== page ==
Reject cynicism.

Defy apathy

Celebrate good.

Pushing Past Creative Blocks

Kate Schmidgall March 09, 2021 | 2 MIN 57 SEC READ

Obi asked me to write about how I overcome creative blocks, because sometimes we need to create when we don’t feel like it. Or in my case, I need to write but I don’t know what I want to say. Here’s how I bootstrap that moment:

Define the space. When and where. For me, writing begins with scheduling writing. When I’m stuck or blocked or getting started on an intimidating something, it helps to actually block time on my calendar to take a first (or next) step. I’ve found often that if I don’t schedule time to have particular thoughts on a topic, I may never have them.

Whether 30 minutes or 3 hours, I make space and keep it clear by setting boundaries: No email. No messaging apps open. No notifications or pings. No Google. Period. To dig deep and think freely without distraction I have to create creative space, and that starts with clearing time.

Then I think about setting. This is fairly fluid for me, so I try to pay attention to what feels most helpful at any given time. My absolute favorite setting is an isolated but outdoor environment, like a card table in the lawn or with a journal on the porch. Usually, a clean desk in a quiet office is fine, but sometimes variety provides the inspiration I need to think fresh thoughts. If people are around, I wear big headphones so as to signal ‘don’t interrupt me, please’ and crank ambient music like Eluvium or Emancipator or The Album Leaf. But that’s just me.

Then I decide on tools. Maybe one day pen and paper call my name, and maybe I switch to blue ink instead of black. Or maybe I want to crank at 135 wpm, so the keyboard is key. Nine times out of ten though, when I’m stuck, a blank piece of printer paper and a decent pen are my tools of choice.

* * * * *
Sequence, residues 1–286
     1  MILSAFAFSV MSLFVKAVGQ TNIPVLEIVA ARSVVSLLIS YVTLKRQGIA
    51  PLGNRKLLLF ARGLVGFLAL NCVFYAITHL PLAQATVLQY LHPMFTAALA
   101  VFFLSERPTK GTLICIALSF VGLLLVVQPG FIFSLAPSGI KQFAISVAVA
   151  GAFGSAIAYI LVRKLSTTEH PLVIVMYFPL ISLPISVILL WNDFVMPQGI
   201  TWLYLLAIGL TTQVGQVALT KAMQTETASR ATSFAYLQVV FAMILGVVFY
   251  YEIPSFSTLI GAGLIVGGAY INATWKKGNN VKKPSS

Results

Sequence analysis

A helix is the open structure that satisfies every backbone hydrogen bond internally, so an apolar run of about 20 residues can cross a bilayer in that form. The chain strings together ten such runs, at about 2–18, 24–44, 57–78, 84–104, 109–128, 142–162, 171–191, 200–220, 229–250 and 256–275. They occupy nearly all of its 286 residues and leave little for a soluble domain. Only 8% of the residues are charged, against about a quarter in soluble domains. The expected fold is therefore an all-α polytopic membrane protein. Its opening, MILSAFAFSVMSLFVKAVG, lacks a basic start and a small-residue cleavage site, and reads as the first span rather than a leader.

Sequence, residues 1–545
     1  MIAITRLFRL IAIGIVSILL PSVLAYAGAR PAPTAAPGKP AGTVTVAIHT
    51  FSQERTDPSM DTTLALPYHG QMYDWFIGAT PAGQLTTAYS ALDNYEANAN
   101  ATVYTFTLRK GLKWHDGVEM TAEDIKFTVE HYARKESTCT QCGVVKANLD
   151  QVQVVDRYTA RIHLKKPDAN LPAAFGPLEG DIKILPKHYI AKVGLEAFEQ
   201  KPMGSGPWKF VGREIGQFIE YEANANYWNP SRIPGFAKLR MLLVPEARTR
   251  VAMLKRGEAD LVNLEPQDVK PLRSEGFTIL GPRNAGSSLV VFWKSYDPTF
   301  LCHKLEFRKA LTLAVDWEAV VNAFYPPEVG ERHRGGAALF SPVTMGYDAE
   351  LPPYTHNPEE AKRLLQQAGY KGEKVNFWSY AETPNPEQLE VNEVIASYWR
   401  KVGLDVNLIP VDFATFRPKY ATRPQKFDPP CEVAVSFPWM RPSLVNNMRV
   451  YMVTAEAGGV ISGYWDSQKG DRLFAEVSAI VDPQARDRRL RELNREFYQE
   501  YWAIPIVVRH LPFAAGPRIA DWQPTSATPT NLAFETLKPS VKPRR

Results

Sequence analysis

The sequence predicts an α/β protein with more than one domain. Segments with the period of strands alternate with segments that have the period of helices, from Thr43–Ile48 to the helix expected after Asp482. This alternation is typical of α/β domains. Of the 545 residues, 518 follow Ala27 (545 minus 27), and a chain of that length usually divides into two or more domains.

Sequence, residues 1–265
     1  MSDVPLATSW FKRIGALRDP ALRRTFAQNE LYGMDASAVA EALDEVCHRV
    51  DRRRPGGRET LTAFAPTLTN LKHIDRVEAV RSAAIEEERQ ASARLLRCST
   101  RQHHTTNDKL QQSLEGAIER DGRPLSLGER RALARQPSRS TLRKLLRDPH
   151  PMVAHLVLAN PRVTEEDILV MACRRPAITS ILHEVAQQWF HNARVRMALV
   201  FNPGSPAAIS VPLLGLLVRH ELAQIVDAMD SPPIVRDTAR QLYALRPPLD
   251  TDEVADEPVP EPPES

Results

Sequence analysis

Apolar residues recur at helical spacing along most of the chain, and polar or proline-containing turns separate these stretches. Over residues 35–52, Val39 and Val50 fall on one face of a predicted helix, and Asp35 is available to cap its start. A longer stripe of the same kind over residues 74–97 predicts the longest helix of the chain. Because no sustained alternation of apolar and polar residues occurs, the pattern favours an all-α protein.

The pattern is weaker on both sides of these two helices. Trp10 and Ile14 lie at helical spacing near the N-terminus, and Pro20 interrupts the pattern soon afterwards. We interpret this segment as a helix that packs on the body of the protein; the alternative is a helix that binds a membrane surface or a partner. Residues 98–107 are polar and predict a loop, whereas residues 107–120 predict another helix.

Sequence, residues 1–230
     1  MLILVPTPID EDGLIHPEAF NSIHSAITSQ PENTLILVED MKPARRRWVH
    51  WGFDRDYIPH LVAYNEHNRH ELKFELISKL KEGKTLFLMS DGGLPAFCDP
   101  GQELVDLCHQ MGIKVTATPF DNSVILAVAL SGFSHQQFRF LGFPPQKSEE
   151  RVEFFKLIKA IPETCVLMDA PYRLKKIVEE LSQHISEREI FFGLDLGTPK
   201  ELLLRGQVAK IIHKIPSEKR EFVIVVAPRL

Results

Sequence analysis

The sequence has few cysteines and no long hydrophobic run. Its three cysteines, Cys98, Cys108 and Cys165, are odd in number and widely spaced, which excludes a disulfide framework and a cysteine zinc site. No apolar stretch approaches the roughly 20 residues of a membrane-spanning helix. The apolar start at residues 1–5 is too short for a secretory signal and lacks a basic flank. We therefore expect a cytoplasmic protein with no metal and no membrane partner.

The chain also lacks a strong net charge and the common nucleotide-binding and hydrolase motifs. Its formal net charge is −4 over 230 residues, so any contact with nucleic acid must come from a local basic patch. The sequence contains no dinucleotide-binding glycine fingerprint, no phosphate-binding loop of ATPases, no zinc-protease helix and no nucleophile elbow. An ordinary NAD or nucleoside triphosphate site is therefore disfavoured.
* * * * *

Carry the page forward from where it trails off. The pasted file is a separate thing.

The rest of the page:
So, block time, set boundaries, pick the tools…

Then start. Make the first pass pure outpouring. No editing. No fact-checking. Awful phrasing and terribly redundant alliteration. It’s seldom good, and it’s never polished. But that’s not what we’re going for remember — the goal here is to start to overcome a block. I begin by writing the first truest sentence I can think of. No flourishes or polish, just raw fact or feeling.

When that flow slows, I move on to another truest sentence tangentially related to the first. Once my time has been fully spent, I reward myself with coffee, dried dates, or a walk. It’s enough for now. I repeat the whole process as soon as I can until finally, I’ve told a whole story — no more and no less. Then I send it to an editor to trim at least a third of it. A couple of times. And then we’re done — a final portrait of well-stacked blocks.

Creativity isn’t always a spontaneous flow of endless inspiration — most times, I think, it’s the art of discipline. The more blocks we encounter, the more natural and intuitive our practices of getting unstuck will become. I hope these simple steps help you define your own.

Check out the latest story written by Kate on BitterSweet Monthly.

By Kate Schmidgall ,Bittersweet Creative Founder, Director